This account might seem absurd on its face. Nigerian leaders, for instance, deal with religious, regional, and tribal tensions that make a mockery of Francis’s claim that nonwhites see themselves primarily in racial terms. And it seems obvious that hymns to pluralism are liberal tropes, not “white” ones. Yet Francis was sincere in his racial anxieties. Such paranoia is the fate of any political thinker who relies exclusively on “counter-modernist” thinking, which sees always power and interests, never traditions and ideals. Francis could not allow himself to believe that the American nation, however marred by the interests of competing elites, is animated by a sense of shared history and united by genuine civic friendship. In consequence, he required a pseudo-biological foundation for America, something as “real” as the perennial human lust for power.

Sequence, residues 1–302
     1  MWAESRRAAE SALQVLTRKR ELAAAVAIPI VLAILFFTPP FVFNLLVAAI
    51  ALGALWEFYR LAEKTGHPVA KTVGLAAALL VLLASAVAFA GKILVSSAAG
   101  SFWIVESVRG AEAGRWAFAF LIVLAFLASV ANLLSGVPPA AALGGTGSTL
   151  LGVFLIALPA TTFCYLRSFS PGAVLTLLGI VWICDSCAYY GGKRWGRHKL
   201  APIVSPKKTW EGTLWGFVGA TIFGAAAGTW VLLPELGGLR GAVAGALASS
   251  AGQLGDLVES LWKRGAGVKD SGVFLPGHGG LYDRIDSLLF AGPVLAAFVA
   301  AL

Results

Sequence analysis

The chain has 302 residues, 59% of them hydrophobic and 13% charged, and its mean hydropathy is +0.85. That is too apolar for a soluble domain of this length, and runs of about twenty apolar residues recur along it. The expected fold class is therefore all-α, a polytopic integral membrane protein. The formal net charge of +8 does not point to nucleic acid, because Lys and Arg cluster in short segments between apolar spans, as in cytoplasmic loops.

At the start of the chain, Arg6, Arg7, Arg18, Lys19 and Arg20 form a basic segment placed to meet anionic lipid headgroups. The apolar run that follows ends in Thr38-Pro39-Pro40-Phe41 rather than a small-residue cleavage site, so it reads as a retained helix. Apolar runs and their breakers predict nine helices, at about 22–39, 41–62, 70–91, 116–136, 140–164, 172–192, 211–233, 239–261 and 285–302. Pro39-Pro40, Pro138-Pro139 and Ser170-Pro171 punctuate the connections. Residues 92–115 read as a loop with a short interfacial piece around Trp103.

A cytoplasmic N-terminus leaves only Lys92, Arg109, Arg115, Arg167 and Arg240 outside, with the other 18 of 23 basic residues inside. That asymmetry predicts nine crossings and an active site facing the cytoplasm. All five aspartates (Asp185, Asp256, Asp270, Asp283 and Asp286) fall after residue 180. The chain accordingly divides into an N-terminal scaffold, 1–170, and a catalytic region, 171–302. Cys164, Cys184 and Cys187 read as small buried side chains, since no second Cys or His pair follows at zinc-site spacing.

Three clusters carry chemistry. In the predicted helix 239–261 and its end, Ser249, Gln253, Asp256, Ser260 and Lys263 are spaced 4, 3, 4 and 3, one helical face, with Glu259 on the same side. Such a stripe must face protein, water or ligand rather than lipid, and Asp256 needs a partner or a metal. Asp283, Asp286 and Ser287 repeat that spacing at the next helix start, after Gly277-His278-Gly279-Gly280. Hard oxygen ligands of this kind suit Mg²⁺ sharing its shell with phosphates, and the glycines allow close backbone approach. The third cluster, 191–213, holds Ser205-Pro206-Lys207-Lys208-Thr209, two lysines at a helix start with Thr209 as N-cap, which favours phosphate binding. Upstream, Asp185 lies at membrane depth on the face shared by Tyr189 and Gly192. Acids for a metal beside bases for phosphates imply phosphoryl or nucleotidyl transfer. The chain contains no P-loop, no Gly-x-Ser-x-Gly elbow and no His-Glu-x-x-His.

Francis believed that the fate of American culture, indeed of Western civilization, depended on discovering and preserving white identity. In a pseudonymous article published in 1996, he drew selectively from literature, art, and philosophy in an attempt to demonstrate that whites placed a high value on individualism and objectivity, and that this emphasis accounted for their past strengths and present vulnerabilities. The argument echoed Oswald Spengler’s dire prophecies of Western decline. Relative to other races, Francis claimed, whites encouraged greater individual autonomy, a value central to the cultures they had built and largely absent elsewhere. They celebrated those who challenged settled ways, and they held up the hero, the rebel, the explorer, the inventor, and the dissident as icons of human excellence. Francis argued that the West’s respect for the “Faustian” individual had gone hand in hand with a respect for objectivity. From antiquity through the Enlightenment, in its philosophies and sciences, the West had been inspired by a metaphysical vision: that an objective order of reality existed and operated according to universal rational laws. According to Francis, this idea had encouraged whites to seek ethical ideals universal in their authority and to build political orders impartial in their justice.